In emergency cases, the blockchain, still supported with smart meters, can order the grid to reroute power to prevent blackouts.
Green Finance and Carbon Trading Systems
Lightency, one of the few hundred start-ups that chose to dive into the still-fresh blockchain and green energy business, is an example of a start-up giving center stage to the features cited before. Lightency operates on the African market to bring smoother access to renewable energy for people who still lack electricity.
From what can be observed, blockchain can serve a social and environmental cause more than anything. It encourages the use of small renewable energy installations and relieves the pressure on electrical power generators, promoting for Green Finance and carbon trading.
It can help businesses and governments provide evidence for an ecological and environment-friendly manufacturing through renewable energy certificates, guarantees of origin and emission allowances. This prescribes what Greeneum, an Asian start-up, is aiming to furnish, as a matter of example.
Speaking of which, start-ups concerned with the use of blockchain to benefit green energy start to scatter in different corners of the world.
If one wishes to take a further look further look into other promising start-up names, SunExchange is a South Africa-based business, that eases the use of solar panels by permitting customers to buy PVs and lease them to businesses against a rental payment return via blockchain to the benefit of the customer himself/herself.
L03 Energy in the US, PowerLedger in Australia and many other names are arising with the vision of creating efficient, resilient and sustainable communities.
To combat the fast dwindling number of resources, hopes and bets are put on the blockchain technology to empower renewable energy, considering the subsequent advancements it can deliver to the sector. But is it safe to say that blockchain will ensure a worry-free future for energy production? Predictions are clouded by a lack of clarity. This technology is so brand-new that it is hard to perceive its outcomes in certainty, especially with the obstacles it needs to surpass. Regulatory issues and challenges are one part of the problem. Most governments are still skeptical of such disruptivity coming all at once.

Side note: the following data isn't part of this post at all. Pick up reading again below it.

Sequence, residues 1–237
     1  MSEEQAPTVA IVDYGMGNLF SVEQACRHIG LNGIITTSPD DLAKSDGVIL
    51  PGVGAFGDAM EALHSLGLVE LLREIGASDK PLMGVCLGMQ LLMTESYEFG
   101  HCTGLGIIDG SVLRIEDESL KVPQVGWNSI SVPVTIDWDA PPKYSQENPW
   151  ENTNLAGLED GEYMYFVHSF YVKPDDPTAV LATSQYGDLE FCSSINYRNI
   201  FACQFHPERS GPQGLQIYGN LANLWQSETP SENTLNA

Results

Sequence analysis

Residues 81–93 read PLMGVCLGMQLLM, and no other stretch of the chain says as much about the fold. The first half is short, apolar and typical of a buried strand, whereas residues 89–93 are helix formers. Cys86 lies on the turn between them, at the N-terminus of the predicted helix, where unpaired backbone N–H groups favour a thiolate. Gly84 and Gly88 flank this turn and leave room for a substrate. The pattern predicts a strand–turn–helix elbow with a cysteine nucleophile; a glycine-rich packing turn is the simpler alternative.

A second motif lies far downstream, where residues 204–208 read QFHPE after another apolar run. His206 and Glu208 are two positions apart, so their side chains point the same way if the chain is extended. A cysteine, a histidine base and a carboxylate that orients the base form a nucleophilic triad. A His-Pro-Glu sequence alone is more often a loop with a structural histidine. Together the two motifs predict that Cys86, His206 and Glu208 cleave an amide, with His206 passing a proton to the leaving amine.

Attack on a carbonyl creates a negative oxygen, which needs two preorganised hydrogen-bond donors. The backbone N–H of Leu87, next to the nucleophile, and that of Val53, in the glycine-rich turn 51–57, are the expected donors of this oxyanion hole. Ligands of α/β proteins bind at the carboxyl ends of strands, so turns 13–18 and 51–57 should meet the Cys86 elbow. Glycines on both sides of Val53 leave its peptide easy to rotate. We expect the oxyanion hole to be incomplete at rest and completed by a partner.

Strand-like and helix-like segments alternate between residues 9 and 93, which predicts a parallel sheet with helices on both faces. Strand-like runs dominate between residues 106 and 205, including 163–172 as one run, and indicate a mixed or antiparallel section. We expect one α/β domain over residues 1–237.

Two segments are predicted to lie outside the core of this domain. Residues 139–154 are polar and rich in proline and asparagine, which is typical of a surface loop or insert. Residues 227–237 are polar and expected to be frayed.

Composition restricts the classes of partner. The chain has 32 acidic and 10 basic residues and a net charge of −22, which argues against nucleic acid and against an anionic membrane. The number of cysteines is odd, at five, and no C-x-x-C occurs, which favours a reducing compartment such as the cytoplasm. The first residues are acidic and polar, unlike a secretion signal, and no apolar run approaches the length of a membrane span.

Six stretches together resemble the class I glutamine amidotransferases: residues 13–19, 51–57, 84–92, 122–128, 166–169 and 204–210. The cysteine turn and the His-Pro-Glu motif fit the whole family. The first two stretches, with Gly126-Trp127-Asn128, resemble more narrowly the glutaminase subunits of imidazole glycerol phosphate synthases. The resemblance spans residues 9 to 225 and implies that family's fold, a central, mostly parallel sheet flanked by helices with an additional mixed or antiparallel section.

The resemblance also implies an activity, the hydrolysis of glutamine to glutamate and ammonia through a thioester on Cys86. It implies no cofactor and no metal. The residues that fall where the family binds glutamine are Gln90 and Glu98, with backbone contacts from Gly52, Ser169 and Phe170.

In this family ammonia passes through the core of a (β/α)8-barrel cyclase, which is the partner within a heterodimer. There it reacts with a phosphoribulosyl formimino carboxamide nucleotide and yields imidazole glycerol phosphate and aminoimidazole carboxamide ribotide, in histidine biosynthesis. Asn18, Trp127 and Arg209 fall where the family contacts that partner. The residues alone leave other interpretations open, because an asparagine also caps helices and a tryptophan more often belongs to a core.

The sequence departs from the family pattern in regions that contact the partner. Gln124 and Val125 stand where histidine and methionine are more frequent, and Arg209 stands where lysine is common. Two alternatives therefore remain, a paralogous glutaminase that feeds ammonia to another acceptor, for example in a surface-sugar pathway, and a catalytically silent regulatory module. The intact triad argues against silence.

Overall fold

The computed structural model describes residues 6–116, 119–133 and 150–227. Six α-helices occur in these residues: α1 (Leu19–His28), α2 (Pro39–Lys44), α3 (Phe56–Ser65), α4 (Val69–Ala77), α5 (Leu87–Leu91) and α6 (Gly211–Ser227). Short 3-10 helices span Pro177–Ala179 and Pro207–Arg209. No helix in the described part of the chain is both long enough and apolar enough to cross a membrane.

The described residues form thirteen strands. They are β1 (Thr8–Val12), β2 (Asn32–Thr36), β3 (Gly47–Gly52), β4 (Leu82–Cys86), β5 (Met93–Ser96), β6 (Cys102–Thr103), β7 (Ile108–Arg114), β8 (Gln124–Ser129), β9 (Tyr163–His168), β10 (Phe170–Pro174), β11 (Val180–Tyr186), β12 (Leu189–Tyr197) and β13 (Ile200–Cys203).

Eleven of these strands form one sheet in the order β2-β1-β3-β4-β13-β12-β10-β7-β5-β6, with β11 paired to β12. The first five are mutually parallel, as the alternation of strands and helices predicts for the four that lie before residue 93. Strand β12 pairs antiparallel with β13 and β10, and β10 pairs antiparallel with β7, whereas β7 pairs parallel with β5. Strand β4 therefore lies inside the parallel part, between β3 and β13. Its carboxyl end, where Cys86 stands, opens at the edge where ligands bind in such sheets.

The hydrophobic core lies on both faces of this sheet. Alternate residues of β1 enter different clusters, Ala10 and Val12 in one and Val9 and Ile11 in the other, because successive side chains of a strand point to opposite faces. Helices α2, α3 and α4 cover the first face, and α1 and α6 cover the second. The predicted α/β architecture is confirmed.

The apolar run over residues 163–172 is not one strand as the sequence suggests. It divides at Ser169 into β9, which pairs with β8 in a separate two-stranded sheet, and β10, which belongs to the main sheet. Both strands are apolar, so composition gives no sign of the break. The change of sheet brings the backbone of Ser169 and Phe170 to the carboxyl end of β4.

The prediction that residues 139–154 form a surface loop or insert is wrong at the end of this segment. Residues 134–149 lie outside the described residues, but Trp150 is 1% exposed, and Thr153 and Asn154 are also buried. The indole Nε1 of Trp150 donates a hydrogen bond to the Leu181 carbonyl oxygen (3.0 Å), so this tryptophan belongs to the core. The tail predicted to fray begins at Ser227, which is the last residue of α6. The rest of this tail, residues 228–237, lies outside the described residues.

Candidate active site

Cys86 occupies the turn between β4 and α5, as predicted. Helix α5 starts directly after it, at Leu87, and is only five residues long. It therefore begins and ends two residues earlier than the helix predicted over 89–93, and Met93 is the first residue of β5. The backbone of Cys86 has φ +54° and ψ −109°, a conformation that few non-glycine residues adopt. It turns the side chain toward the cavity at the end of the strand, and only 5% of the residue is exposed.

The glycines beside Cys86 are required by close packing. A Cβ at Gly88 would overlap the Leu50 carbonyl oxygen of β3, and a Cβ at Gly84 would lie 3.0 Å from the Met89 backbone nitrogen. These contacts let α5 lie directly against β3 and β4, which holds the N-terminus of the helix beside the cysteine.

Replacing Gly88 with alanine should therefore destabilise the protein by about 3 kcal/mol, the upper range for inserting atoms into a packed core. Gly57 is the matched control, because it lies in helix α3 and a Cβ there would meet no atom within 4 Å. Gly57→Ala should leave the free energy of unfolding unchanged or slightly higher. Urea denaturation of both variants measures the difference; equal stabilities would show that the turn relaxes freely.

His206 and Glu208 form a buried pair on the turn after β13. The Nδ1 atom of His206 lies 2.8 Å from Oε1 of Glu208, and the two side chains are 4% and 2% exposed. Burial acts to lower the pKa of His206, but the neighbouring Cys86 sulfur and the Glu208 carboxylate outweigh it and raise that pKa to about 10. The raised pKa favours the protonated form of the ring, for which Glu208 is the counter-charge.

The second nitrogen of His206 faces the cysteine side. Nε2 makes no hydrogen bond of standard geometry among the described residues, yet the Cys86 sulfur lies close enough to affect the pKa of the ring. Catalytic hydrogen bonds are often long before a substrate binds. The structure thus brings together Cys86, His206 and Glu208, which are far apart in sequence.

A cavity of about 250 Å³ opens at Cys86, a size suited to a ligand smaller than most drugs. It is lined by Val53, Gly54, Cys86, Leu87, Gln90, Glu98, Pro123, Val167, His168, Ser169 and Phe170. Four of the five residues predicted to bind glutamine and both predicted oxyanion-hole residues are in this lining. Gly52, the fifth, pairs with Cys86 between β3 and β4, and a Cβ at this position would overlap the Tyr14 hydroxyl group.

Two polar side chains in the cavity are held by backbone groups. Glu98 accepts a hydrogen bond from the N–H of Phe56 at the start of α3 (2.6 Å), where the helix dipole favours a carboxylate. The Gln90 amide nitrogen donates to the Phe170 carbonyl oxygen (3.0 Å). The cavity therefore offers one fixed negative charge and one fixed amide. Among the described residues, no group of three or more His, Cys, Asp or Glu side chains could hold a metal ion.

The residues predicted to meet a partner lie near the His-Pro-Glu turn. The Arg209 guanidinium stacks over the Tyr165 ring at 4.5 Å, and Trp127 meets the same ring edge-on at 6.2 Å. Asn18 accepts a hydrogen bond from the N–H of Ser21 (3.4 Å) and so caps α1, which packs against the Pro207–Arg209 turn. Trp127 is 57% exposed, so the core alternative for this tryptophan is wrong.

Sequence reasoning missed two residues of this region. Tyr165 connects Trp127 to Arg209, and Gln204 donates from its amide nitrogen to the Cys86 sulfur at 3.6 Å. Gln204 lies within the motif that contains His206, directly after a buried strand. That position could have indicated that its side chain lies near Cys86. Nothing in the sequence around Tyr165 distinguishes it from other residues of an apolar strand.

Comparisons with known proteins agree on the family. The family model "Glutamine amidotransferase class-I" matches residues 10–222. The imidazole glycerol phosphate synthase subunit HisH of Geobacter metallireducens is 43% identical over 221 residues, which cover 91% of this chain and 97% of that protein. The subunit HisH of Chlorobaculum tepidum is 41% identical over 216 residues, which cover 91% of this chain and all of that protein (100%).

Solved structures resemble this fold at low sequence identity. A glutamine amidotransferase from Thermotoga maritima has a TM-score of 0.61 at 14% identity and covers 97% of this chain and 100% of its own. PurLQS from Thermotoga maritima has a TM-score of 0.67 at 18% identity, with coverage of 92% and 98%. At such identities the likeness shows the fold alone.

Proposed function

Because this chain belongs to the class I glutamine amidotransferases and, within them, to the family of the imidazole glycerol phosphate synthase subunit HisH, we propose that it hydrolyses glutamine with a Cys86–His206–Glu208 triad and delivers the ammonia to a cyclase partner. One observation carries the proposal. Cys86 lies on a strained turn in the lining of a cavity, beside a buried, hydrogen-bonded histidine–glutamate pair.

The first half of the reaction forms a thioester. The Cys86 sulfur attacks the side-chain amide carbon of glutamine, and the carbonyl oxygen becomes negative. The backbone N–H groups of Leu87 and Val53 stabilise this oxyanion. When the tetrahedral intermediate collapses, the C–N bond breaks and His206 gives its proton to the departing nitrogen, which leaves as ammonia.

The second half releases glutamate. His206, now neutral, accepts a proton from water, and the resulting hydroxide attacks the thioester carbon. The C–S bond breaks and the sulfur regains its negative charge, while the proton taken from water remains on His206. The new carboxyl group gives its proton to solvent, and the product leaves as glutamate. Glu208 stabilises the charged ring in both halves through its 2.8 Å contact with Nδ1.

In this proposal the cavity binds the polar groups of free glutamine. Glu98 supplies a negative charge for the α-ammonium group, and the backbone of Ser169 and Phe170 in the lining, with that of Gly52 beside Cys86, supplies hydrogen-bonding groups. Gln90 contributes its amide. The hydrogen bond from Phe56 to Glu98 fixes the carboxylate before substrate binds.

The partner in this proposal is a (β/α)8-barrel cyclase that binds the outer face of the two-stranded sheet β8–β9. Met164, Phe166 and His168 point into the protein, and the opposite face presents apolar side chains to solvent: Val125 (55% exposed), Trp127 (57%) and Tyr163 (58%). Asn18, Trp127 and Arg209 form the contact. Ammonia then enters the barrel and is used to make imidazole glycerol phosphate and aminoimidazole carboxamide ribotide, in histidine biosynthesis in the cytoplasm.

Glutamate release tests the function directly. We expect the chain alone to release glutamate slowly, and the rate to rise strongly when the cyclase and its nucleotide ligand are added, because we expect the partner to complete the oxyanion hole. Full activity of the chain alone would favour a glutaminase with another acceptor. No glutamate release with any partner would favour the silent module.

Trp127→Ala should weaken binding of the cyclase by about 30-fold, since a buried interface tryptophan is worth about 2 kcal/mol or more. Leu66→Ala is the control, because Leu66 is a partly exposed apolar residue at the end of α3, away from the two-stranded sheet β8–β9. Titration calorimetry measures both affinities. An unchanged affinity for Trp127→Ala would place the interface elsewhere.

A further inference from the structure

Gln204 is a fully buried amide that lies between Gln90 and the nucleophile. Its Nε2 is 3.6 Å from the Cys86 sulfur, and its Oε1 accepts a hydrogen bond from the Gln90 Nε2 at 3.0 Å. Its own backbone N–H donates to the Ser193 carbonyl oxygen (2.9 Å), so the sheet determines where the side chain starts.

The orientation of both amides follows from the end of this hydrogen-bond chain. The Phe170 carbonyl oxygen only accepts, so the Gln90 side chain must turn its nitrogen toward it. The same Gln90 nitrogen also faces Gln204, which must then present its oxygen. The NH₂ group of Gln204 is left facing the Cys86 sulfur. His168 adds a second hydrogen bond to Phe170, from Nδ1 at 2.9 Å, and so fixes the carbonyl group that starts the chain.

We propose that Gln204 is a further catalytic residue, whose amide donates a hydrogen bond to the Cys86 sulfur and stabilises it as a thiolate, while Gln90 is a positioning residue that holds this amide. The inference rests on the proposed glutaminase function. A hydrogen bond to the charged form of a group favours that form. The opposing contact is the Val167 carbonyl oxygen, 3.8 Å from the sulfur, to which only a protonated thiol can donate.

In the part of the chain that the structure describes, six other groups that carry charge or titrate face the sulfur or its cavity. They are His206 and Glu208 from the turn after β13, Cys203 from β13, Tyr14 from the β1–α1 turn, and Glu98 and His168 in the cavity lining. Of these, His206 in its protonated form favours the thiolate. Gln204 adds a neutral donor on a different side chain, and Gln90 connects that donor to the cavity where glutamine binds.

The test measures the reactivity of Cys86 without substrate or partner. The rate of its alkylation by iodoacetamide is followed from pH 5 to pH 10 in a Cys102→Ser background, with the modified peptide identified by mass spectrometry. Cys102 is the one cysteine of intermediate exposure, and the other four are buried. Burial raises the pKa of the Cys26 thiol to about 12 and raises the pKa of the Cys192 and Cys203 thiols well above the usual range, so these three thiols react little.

A second part would be scalability issues. Customer engagement is very much a necessity for peer-to-peer sharing to take hold. However, uptake and the rate of adoption are not at their best. Customers are still unfamiliar, fearful, and in many cases even misapprehending towards the new concept of decentralization and blockchain. A third facet would be the existence of alternatives. The Faraday Grid is one example. With its emergent platform, the solution provides an electrical network architecture that allows higher penetration of DERs (Distributed Energy Resources) at low costs aiming to enable a fully transactive energy marketplace. The system relies on DLT (Distributed Ledger Technology) which is not specifically Blockchain, and thus making it an alternative.
Truth in the words of Vitalik Buterin, Co-Founder of Ethereum, when he said:
The main advantage of blockchain technology is supposed to be that it’s more secure, but new technologies are generally hard for people to trust, and this paradox can’t really be avoided.